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Wish I lived in Columbus, Boston or Tampa ... :P

There is a place with gluten-free-WF pies (cooked to order, about half an hour) near me but it plays a very loud sound track unfortunately ...

I read of several fish & chip shops that have a gluten-free-WF day a month and people drive several hundred miles for it ...

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    • Wow guys just read all the replies Thankyou all so much!!! There are so many things you've all said that has triggered a light bulb in my little head!  The glasses may not be clean!!  I will put this to a test. One night I'll stick to bottles of cider (double checked are gluten-free)  another I'll try the Gin or William chase vodka if I can find it! And see the effects. if I loose many days due to these not working I'll see a practitioner and see what the deal is!  Before I was diagnosed at Coeliac... I went to a herbalist who did a test and said corn is funny on my body!!! But then 18months later (when I became incontinant and lost a lot of weight) my bloods came back positive (after begging the docs and telling them it wasn't IBS)  i don't tend to snack at bars on food but I must admit I never thought it could be the way it's served!!  The humour and information has made me feel so much better  thanks all  xxx
    • Hey Matt  thanks for your reply fellow Brit! I this is very interesting... I am very sensitive to cross contamination... e.g. A sieve wasn't washed properly when I lived at my mums so when I had drained my gluten-free pasta .. I hadn't even eaten the dish before I started to pass out and go dizzy and hot .. calling for my bf and mum ( they had a great team going when I would have an episode) it's horrendous!  The fatigue is something I imagine every coeliac suffers with! I have to nap a lot.  Ok so the booze I drink most of is -processo -amaretto -vodka, wine, cider (very rarely)  when I drink at home I'm fine!!!  I wonder if it's cross contamination from the bar or the level of alcohol?!  I also had a jäger bomb shot on Friday (looked it up and a lot of people say it's gluten-free)  it's a hard live but someone's got to do it!!  Thanks for the reply!  When you get poorly from gluten (and the other evil candidates) are you so bad you can't function and feel your body is about to snap?  Kind regards  steph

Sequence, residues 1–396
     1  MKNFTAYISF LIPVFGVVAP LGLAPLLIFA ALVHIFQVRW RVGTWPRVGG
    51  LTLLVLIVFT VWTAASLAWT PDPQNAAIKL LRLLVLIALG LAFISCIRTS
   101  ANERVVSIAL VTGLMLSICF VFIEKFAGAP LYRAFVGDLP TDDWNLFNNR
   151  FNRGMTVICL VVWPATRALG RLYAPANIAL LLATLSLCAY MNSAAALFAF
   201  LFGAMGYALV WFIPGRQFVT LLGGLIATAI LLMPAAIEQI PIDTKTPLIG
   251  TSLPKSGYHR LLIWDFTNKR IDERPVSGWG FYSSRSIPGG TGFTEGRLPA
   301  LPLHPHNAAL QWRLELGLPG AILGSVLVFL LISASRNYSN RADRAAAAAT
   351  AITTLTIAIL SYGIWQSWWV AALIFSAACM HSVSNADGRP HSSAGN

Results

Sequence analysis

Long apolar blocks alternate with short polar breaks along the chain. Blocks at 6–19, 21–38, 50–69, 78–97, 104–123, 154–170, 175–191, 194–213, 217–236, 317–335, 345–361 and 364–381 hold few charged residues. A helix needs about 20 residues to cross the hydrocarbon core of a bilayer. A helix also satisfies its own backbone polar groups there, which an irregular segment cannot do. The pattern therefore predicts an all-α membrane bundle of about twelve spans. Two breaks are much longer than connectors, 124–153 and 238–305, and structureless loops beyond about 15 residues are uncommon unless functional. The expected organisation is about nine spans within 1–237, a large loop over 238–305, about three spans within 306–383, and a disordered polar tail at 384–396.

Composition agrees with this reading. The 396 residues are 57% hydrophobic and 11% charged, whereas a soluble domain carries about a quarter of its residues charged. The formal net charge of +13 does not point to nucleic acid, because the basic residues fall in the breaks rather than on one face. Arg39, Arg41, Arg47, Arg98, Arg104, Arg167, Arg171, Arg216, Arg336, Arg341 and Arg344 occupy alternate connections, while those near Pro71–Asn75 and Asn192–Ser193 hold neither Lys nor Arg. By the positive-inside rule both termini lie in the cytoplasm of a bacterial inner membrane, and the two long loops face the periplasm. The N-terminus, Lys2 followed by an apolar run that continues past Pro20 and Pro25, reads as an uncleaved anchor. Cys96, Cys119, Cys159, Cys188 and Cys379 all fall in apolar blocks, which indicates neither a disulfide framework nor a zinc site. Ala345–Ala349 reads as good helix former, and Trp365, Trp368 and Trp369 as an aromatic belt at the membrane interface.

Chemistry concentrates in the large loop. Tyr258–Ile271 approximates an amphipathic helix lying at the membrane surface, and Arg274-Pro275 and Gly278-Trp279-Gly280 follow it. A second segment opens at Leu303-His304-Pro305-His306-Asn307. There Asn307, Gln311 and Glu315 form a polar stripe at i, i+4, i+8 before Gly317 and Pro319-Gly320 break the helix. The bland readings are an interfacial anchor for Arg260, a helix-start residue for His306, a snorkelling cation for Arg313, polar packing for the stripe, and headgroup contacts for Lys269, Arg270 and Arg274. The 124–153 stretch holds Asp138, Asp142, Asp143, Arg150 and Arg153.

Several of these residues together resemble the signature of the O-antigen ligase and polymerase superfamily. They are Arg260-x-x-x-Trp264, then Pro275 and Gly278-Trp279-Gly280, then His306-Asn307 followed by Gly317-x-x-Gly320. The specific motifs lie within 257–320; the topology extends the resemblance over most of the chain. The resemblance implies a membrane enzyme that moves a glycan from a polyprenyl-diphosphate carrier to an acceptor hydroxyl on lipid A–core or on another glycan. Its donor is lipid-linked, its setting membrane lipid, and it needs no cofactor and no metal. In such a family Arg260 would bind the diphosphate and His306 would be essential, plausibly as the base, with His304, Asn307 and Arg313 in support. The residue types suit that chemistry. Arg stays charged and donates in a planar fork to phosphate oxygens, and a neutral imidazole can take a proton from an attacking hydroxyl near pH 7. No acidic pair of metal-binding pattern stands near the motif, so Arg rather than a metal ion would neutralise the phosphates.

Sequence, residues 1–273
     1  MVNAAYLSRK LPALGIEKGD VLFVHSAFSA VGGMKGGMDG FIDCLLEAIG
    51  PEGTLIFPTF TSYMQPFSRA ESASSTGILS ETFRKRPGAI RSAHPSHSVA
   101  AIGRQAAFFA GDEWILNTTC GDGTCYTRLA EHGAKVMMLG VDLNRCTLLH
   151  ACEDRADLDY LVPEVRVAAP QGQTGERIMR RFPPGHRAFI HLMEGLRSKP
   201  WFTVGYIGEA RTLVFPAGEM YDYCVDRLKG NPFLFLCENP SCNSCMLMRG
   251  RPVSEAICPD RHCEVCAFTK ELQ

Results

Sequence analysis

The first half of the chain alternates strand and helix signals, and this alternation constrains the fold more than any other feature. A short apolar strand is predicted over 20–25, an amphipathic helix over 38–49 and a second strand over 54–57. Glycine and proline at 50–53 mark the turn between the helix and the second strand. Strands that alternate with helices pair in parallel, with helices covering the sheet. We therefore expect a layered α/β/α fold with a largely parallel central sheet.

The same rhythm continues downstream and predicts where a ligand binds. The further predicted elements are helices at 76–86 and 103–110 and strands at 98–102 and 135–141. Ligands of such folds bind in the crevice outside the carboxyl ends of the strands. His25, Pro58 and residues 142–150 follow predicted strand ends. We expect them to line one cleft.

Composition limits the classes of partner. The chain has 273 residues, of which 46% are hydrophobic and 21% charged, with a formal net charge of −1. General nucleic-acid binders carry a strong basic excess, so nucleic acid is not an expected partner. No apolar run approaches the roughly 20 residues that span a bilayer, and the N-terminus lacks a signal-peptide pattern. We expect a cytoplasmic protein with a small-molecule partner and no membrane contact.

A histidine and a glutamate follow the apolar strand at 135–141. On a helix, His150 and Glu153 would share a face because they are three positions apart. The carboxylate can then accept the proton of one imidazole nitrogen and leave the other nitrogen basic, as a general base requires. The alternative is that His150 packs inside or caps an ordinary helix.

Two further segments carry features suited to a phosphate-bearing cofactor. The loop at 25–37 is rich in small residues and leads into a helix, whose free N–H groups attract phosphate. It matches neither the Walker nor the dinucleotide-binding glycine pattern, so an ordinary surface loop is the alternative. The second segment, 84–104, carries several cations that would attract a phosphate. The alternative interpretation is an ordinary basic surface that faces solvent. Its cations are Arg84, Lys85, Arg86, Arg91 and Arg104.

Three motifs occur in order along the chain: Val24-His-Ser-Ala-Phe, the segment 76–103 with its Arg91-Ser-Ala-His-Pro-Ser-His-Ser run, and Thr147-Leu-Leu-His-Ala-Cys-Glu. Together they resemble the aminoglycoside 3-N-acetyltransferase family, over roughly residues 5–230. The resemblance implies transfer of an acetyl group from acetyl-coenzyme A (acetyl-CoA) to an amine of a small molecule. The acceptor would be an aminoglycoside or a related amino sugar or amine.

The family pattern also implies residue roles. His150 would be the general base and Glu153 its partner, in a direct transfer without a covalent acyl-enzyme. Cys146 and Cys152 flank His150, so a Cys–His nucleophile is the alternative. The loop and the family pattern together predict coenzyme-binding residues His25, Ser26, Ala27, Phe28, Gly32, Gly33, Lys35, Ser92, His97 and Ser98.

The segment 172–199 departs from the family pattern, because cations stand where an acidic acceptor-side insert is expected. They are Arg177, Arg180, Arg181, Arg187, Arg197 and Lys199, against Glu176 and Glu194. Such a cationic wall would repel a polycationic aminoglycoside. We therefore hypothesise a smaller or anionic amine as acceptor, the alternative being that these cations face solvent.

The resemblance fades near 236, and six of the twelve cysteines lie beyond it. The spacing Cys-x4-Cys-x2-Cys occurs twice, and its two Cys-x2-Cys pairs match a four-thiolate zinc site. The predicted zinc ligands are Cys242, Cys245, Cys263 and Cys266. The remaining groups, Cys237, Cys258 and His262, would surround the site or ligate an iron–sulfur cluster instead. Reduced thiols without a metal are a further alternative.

• Hi Steph and welcome I'm yet another Brit, funny how the alcohol threads flush us out I don't drink now but after a big night I used to get truly savage all day hangovers, much worse than those of my friends. They could include splitting headaches, vomiting, nausea, a 'fuzziness' in my head, sweats etc.  After I put the pieces together and went gluten free I had a 'big night' on cider only and the next day was a revelation. What I'd thought was a 'normal' hangover was, for me at least, anything but. With gluten out of the equation hangovers were a breeze! The difference was mind blowing and just one more example of how gluten had been messing with me over the years. So when I read your post my first thought was that there was some trace gluten contamination going on. However: Obviously you've been at the diet for some considerable time now and know the score. I know Coeliac UK are firmly of the opinion that all spirits are safe but some (note some this a contentious one :D) members here will tell you they react to gluten based grain spirits for instance which distillation should render safe.  Then there's the dangers of shared lines if you're drinking say Strongbow in a pub as alluded to above. Lastly it its wine, there's the often cited but maybe apocryphal these days 'flour to seal the casks' possibility. Finally there's bar snacks, maybe a brand of nuts etc that you snack on that may have changed their production process? I'm sure you've thought of these already, but it may be useful if you post your alcoholic drink choices / bar snack of choice up here maybe someone will have some input?.   The second thing which leapt out was: Would you class yourself as super sensitive to cross contamination etc? Firstly that would make the cross contamination theory more compelling. You could test that out by having a drink at home under controlled circumstances to see whether the same issue arises? That could also answer the quantity question. Does one safe drink trigger it, two, three etc? Finally, and this is one that I find difficult, knowing you have the gluten issue may lead you to assume it's that when it could be something else. I tend to attribute EVERYTHING in the world to gluten these days due to it being able to affect me in so many different ways. Crisis in Korea? Gluten. Russian tanks massing on the Ukrainian border? Check their wheat intake. Global warming? etc. So it may make sense to pursue some other ideas at the same time. Try:  http://goaskalice.columbia.edu/answered-questions/suddenly-drinking-alcohol-makes-me-sick http://www.steadyhealth.com/topics/very-abnormal-hangovers-thinking-it-could-be-allergy-to-alcohol and a doctor's answer: http://www.steadyhealth.com/medical-answers/abnormal-reactions-to-alcohol Cheers Sorry, best of luck! Matt